The Government has published a consultation paper on changes to the law relating to Assured Shorthold Tenancies. Essentially these are to be abolished, with the repeal of section 21 of the Housing Act 1988, under which landlords have an automatic right of termination on giving notice in the approved form provided a minimum period of six months has expired. Provided the landlord has met a number of compliance obligations, this right allows terminations to take place whether or not the tenant is at fault and whether or not the landlord has any alternative plans for use of the property.
Adverse publicity around certain rogue landlords has highlighted that this gives landlords the right to terminate a tenancy either to replace the tenant with a more “acceptable tenant” or as an act of revenge against tenants who have raised complaints about poor conditions or disrepair or to use the threat of termination to impose increases in rent which may be higher than the prevailing market rents, on the basis that the disruption to a tenant’s domestic and family arrangements (eg travel to work or access to local schools) of being forced to move, means they will often have no alternative but to accept the higher rent.
The key proposal to remove no-fault termination rights has significant implications for landlords. If the change in law comes into force, landlords seeking to terminate a tenancy will have to prove one or more of the statutory grounds for possession set out in the legislation, most of which rely upon proving some degree of fault on the part of the tenant, either because of non-payment of rent or other misconduct at the property. This threatens to make the process more uncertain, costly and time consuming.
The Government has offered to review the grounds for possession and to help streamline the possession process. This may marginally expand the circumstances in which possession can be obtained but it is a sea-change in approach to residential tenancies which may prove disruptive to the market. In the future there may be no absolute guarantee of being able to recover possession and the costs and time involved in doing so may be substantially longer than it currently takes using the Assured Shorthold Tenancy notices. For Buy to Let landlords, this represents a further concern on top of the recent adverse tax changes.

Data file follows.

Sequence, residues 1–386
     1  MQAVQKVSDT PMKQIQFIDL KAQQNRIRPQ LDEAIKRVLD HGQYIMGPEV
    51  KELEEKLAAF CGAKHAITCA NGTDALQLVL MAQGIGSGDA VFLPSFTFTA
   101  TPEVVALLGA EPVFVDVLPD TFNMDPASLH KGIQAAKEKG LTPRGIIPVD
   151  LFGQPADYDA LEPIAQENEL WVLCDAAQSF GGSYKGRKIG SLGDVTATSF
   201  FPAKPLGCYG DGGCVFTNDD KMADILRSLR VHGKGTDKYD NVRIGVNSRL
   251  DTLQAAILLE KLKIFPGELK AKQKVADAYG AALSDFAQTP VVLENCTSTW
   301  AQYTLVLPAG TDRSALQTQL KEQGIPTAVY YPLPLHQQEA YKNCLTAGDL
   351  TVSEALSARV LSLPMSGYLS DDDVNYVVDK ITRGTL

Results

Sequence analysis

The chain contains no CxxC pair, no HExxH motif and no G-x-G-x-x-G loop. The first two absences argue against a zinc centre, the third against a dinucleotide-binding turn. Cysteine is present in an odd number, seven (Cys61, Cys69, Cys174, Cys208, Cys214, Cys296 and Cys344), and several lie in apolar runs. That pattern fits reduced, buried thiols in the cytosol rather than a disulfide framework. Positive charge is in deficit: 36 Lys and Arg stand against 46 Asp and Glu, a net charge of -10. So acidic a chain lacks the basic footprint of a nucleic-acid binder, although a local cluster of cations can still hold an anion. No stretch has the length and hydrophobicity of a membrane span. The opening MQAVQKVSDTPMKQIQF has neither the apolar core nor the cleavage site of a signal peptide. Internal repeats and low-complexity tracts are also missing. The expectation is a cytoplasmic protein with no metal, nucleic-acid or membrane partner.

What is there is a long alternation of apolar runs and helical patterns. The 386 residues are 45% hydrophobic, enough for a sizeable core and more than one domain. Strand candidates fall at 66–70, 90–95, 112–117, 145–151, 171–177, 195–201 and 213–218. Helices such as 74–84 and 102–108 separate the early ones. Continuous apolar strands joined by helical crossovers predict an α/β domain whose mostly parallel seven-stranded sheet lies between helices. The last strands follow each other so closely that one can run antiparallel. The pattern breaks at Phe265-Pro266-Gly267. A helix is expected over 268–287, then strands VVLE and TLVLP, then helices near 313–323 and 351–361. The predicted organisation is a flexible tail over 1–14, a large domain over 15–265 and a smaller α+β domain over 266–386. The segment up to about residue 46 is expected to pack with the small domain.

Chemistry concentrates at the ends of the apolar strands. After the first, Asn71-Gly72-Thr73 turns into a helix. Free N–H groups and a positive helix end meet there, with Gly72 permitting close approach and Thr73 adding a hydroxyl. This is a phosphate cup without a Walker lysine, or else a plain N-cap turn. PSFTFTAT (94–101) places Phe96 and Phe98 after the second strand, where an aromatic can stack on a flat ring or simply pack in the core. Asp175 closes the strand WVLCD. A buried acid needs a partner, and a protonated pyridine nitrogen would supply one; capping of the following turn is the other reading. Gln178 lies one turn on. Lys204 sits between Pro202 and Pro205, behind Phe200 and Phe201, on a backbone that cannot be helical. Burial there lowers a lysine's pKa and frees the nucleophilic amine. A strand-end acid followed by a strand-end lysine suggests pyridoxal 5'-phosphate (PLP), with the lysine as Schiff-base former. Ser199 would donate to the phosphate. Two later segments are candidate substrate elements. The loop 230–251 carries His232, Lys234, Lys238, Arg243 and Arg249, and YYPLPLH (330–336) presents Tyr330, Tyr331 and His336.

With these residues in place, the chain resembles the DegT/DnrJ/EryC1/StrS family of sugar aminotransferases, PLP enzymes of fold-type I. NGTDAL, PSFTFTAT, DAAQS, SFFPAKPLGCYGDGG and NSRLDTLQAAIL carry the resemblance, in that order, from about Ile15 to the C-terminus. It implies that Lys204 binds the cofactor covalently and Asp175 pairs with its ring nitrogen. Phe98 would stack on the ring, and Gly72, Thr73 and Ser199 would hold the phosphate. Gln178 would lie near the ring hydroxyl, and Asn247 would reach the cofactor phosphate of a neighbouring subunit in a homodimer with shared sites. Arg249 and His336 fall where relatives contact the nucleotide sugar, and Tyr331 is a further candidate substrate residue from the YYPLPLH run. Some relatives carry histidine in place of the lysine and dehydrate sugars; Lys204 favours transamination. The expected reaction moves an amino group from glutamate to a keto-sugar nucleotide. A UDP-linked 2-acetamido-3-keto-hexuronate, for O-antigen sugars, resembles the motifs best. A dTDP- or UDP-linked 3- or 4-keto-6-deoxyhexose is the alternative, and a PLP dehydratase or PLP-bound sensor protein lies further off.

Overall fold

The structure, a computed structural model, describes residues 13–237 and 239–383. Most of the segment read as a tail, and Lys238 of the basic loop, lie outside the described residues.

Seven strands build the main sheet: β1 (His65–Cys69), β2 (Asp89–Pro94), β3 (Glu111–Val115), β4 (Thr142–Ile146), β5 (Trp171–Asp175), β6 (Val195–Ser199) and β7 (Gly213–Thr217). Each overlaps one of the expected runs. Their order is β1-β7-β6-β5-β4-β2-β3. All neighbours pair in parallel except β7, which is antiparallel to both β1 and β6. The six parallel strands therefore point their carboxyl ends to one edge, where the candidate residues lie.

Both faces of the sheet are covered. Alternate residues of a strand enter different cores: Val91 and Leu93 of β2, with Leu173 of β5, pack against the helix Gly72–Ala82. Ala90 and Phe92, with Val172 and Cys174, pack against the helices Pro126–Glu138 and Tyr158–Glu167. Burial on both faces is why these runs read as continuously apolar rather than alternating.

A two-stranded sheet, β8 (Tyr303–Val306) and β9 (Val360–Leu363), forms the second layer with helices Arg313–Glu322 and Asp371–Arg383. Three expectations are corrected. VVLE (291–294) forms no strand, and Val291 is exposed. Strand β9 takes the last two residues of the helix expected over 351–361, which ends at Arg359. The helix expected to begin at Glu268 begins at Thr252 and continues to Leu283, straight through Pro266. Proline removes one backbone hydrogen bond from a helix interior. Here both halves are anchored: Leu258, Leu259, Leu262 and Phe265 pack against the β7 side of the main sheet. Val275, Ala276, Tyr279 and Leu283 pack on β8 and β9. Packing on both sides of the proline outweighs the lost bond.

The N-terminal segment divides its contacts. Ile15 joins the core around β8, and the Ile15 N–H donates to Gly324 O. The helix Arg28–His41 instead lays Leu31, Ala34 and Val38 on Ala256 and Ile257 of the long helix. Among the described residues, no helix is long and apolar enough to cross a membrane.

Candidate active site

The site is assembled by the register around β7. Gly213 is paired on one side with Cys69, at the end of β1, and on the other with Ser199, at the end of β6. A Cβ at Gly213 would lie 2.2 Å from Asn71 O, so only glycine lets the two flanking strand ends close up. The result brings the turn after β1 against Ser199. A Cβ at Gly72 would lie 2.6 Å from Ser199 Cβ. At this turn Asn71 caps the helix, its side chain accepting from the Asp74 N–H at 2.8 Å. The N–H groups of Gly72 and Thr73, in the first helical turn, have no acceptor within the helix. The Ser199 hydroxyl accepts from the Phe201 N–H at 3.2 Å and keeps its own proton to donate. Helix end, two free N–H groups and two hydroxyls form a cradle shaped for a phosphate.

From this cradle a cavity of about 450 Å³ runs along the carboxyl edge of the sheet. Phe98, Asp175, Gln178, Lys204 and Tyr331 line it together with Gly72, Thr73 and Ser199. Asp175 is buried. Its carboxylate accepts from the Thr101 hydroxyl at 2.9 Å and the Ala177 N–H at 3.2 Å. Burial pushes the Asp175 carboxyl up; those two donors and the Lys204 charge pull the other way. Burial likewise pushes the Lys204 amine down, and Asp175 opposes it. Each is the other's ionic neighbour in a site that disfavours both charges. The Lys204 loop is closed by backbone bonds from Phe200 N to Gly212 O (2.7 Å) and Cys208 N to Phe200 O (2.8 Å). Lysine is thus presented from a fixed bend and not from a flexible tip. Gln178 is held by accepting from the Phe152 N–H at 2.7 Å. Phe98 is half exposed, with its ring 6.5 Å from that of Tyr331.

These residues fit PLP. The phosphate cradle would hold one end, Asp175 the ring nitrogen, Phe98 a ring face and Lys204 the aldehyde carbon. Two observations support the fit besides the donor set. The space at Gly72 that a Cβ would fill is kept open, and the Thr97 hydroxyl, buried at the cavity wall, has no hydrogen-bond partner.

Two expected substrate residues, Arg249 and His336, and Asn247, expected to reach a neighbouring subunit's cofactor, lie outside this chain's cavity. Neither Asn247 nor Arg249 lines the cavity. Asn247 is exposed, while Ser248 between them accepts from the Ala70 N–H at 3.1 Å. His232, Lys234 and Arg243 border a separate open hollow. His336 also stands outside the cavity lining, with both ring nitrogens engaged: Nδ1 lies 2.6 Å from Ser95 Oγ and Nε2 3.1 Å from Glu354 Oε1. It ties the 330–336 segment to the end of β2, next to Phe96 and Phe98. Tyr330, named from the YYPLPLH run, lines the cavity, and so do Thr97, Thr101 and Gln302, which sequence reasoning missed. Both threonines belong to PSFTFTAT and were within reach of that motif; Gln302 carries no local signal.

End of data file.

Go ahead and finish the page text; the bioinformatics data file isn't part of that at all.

For developers, planning or building out developments where a substantial proportion of demand for their units has in recent years come from buy to let investors, there is the question of working out how much these proposed changes will alter the pattern of demand for rented accommodation. If a proportion of the buy to let landlord market is deterred from making further investments as a result of the changes in rules for obtaining possession, this can have a knock on effect on the overall demand for new properties generally. Developers may hope that any such reduction will be outweighed by increased demand for purchases by owner-occupiers but will have to review carefully what sort of accommodation they want to build in particular locations in order to meet such demand without having to trim their prices.
The consultation paper, “A New Deal for Renting: Resetting the Balance of Rights and Responsibilities between Landlords and Tenants”, can be found here
The particular questions which are raised within the consultation include:
seeking opinions on how significant the impact of abolishing ASTs might be
asking when should a landlord be able to obtain possession if the tenant is not at fault
asking whether the changes to possession rules should apply to social landlords as well as private landlords
seeking input on what detailed changes should be made to the grounds for possession currently set out in the Housing Act 1988
asking what steps can be taken to improve and streamline the procedure for obtaining possession orders.
The consultation period closes on 12 October 2019 and those interested in the rented property sector should study the consultation paper and make representations, given the significance of the proposed changes.
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